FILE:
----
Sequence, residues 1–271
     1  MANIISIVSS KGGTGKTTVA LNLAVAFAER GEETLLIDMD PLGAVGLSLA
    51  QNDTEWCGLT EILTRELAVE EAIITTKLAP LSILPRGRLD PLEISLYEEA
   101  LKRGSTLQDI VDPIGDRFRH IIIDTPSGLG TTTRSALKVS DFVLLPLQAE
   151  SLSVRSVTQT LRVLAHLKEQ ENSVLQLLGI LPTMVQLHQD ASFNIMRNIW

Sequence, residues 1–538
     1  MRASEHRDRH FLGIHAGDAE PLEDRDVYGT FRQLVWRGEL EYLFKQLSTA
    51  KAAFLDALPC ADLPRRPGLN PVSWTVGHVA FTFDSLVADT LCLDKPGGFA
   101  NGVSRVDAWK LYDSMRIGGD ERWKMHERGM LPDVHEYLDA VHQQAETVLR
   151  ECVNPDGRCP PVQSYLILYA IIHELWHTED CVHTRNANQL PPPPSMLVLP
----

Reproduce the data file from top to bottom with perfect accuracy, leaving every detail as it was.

Sequence, residues 1–271
     1  MANIISIVSS KGGTGKTTVA LNLAVAFAER GEETLLIDMD PLGAVGLSLA
    51  QNDTEWCGLT EILTRELAVE EAIITTKLAP LSILPRGRLD PLEISLYEEA
   101  LKRGSTLQDI VDPIGDRFRH IIIDTPSGLG TTTRSALKVS DFVLLPLQAE
   151  SLSVRSVTQT LRVLAHLKEQ ENSVLQLLGI LPTMVQLHQD ASFNIMRNIW

Sequence, residues 1–538
     1  MRASEHRDRH FLGIHAGDAE PLEDRDVYGT FRQLVWRGEL EYLFKQLSTA
    51  KAAFLDALPC ADLPRRPGLN PVSWTVGHVA FTFDSLVADT LCLDKPGGFA
   101  NGVSRVDAWK LYDSMRIGGD ERWKMHERGM LPDVHEYLDA VHQQAETVLR
   151  ECVNPDGRCP PVQSYLILYA IIHELWHTED CVHTRNANQL PPPPSMLVLP